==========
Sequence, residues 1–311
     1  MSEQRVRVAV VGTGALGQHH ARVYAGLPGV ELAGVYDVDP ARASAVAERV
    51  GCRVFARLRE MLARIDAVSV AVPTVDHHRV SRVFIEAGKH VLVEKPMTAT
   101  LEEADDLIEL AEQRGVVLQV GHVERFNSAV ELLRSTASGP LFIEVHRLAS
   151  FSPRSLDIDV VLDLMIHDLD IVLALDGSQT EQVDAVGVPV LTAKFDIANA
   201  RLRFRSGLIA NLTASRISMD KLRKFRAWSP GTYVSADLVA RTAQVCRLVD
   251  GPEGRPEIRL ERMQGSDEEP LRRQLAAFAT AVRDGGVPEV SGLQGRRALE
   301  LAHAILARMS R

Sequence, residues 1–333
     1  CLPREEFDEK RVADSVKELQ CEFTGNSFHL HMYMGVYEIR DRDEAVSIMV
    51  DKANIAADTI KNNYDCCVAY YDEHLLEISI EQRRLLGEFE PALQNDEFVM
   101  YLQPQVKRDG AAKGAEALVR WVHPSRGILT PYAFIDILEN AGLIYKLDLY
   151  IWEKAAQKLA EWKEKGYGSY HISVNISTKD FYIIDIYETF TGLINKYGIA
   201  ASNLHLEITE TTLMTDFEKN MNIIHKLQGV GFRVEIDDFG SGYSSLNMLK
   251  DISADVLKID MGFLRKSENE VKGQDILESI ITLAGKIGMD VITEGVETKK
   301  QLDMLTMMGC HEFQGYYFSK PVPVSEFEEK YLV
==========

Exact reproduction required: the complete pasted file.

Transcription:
Sequence, residues 1–311
     1  MSEQRVRVAV VGTGALGQHH ARVYAGLPGV ELAGVYDVDP ARASAVAERV
    51  GCRVFARLRE MLARIDAVSV AVPTVDHHRV SRVFIEAGKH VLVEKPMTAT
   101  LEEADDLIEL AEQRGVVLQV GHVERFNSAV ELLRSTASGP LFIEVHRLAS
   151  FSPRSLDIDV VLDLMIHDLD IVLALDGSQT EQVDAVGVPV LTAKFDIANA
   201  RLRFRSGLIA NLTASRISMD KLRKFRAWSP GTYVSADLVA RTAQVCRLVD
   251  GPEGRPEIRL ERMQGSDEEP LRRQLAAFAT AVRDGGVPEV SGLQGRRALE
   301  LAHAILARMS R

Sequence, residues 1–333
     1  CLPREEFDEK RVADSVKELQ CEFTGNSFHL HMYMGVYEIR DRDEAVSIMV
    51  DKANIAADTI KNNYDCCVAY YDEHLLEISI EQRRLLGEFE PALQNDEFVM
   101  YLQPQVKRDG AAKGAEALVR WVHPSRGILT PYAFIDILEN AGLIYKLDLY
   151  IWEKAAQKLA EWKEKGYGSY HISVNISTKD FYIIDIYETF TGLINKYGIA
   201  ASNLHLEITE TTLMTDFEKN MNIIHKLQGV GFRVEIDDFG SGYSSLNMLK
   251  DISADVLKID MGFLRKSENE VKGQDILESI ITLAGKIGMD VITEGVETKK
   301  QLDMLTMMGC HEFQGYYFSK PVPVSEFEEK YLV